5. Rookie, lady cops lauded for quick response to MOA heist
  6. Model Helena Belmonte wished ‘to slash her wrist and hope to die’
  7. Malaysia averts another air tragedy; pilot lands troubled plane safely
  8. Revilla says he was joking; Lacson stands by his story
  9. Revilla ‘consulted’ Lacson on how he evaded arrest
  10. Police rule out foul play in Helena Belmonte’s death as boyfriend is ‘traumatized’


  • Romblon mining site collapses; 3 killed
  • South Korea says 295 missing in ferry disaster
  • OFW who returned home from UAE tests positive for MERS-CoV – DOH chief
  • QC cops bear crosses as penance for demerits
  • Kim Henares needs a reprimand, says Cayetano
  • Sports

  • China, Taiwan rout foes for 3rd, 5th places in Asian Club volleyball
  • Ginebra’s new import Freeman arrives, makes PBA return vs ROS
  • Fielder ends HR drought, Rangers beat Mariners 5-0
  • Power Pinoys salvage 7th place in Asian men’s volley club championship
  • Knicks prevent Nets from clinching fifth seed
  • Lifestyle

  • Are your favorite malls open this Holy Week break?
  • Celebrate Easter Sunday at Buddha-Bar Manila
  • Moriones feast: A slow, steady transformation
  • Weaving ‘palaspas’ a tradition kept alive in Tayabas City
  • Finalists announced for best translated books
  • Entertainment

  • Mommy Dionisia Pacquiao’s greatest hits
  • Deniece Cornejo posts bail—report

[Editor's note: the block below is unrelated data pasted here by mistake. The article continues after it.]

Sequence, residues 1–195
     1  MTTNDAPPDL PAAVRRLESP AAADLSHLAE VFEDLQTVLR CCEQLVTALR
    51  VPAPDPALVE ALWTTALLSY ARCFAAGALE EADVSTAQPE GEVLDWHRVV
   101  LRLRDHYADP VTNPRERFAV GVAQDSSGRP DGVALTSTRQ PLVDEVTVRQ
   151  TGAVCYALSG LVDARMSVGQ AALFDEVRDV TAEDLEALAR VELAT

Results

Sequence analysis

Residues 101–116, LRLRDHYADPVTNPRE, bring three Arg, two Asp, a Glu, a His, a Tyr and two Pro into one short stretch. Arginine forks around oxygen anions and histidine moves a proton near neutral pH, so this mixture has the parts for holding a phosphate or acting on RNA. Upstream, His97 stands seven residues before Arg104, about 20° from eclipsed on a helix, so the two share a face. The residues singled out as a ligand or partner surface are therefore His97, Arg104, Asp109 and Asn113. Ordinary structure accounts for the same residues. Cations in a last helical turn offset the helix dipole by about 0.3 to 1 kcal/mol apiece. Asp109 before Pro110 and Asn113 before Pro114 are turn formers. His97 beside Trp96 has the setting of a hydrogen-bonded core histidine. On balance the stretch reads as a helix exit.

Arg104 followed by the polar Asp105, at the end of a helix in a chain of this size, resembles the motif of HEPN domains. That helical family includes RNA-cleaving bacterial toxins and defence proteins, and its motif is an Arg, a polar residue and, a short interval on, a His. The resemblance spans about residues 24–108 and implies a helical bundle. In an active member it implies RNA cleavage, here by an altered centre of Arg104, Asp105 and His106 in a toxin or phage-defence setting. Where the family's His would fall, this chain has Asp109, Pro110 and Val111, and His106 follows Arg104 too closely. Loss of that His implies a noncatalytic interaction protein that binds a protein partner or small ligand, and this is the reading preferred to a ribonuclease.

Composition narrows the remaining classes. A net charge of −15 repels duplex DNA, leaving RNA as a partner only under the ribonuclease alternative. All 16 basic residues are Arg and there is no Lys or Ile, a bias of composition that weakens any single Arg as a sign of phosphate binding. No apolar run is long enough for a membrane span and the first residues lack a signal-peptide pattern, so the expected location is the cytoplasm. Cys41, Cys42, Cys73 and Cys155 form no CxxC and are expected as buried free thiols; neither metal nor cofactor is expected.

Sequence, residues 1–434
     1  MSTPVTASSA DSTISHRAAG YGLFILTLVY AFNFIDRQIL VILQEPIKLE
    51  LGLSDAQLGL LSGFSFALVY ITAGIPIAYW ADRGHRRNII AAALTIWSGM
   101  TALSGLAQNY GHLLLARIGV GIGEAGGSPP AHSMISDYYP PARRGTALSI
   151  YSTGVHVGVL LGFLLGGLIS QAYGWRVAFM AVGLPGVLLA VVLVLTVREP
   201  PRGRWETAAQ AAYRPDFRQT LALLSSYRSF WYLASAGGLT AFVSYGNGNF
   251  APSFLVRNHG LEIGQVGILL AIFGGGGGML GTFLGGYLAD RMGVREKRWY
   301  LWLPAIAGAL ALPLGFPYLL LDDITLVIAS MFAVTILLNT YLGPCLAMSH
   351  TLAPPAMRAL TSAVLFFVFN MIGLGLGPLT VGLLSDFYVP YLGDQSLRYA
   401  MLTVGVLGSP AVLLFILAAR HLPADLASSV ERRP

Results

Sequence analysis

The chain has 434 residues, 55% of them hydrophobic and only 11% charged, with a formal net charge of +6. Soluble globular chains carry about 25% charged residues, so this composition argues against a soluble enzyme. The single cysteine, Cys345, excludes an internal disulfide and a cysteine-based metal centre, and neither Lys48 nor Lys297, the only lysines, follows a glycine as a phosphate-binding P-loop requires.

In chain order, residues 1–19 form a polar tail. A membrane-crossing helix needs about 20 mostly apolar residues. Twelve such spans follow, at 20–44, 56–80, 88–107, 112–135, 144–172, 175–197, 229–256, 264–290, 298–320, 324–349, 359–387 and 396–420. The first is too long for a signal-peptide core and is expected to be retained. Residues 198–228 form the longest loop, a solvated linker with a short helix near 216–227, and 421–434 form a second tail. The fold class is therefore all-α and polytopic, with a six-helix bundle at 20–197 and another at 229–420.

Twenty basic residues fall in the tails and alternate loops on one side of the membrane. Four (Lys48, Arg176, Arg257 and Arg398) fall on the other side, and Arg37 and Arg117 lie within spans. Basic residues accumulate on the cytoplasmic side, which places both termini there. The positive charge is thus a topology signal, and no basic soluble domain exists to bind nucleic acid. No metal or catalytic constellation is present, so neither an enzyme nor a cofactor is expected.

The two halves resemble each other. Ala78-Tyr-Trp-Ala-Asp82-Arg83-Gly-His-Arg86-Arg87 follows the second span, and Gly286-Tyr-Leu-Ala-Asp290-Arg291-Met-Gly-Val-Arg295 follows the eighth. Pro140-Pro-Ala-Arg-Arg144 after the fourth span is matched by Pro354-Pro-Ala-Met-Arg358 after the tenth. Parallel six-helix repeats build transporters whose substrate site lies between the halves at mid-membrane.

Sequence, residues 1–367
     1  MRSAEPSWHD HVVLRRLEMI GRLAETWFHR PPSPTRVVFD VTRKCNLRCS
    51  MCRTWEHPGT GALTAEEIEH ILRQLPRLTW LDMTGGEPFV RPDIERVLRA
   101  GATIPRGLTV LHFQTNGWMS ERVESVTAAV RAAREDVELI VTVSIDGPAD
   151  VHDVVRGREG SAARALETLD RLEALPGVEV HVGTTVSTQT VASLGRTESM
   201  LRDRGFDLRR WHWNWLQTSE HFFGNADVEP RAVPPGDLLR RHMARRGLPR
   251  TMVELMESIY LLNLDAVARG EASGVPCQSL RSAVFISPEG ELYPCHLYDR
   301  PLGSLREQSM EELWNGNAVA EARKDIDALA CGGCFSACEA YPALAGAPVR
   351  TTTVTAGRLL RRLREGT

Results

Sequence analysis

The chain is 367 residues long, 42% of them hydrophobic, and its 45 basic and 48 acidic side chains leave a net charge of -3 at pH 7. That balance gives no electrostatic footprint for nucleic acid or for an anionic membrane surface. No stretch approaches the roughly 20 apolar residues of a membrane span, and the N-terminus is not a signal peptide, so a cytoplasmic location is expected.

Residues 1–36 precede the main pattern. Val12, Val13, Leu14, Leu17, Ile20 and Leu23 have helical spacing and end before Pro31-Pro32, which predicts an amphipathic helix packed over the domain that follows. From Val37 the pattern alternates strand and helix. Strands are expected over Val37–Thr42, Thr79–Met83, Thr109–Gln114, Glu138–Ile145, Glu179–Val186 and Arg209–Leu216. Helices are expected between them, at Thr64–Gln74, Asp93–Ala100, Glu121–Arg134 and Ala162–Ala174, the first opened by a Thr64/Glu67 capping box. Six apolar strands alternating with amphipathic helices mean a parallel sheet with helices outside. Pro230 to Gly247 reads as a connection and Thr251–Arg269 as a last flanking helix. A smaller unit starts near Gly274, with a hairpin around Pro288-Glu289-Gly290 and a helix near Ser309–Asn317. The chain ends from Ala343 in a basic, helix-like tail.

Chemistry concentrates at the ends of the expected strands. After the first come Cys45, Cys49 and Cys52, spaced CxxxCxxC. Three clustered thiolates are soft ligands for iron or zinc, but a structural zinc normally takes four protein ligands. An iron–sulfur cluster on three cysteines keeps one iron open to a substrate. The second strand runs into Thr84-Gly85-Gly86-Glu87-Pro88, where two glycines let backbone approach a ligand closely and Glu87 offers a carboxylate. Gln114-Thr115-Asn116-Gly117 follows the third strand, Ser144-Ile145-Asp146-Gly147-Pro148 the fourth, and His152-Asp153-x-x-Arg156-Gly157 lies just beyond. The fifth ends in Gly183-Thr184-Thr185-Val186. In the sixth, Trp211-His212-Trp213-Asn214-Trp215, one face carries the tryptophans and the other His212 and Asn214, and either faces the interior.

• Miley Cyrus hospitalized, cancels US concert
  • Otaku Summer Jam 2014: Summer’s hottest J-rock/Cosplay event
  • 2NE1 returns to Manila with “All Or Nothing” Tour
  • Business

  • I-Remit teams up with Lakhoo for remittances from Oman
  • Megawide nets P1.4 B in 2013
  • Longer TRO sought on rate hike
  • Make a stylish statement with the all-new Yaris
  • Hearing set in Olarte case
  • Technology

  • Smart phone apps and sites perfect for the Holy Week
  • Tech company: Change passwords or suffer ‘Heartbleed’
  • Filling the digital talent gap
  • SSS to shut down website for Holy Week
  • Another reason to quit social media this Holy Week: your safety
  • Opinion

  • We may never know
  • Couple of things
  • Mommy D’s magic
  • Stop bizarre and bloody Good Friday rituals
  • Holy Week taboos
  • Global Nation

  • Visa-free travel to Japan could boost tourism
  • 2 PCG men ordered arrested over Balintang Channel shooting
  • US Embassy closed on Holy Thursday, Good Friday
  • Relief worker draws inspiration from helping Yolanda victims
  • Philippines says peace pact should hold despite clashes
  • Marketplace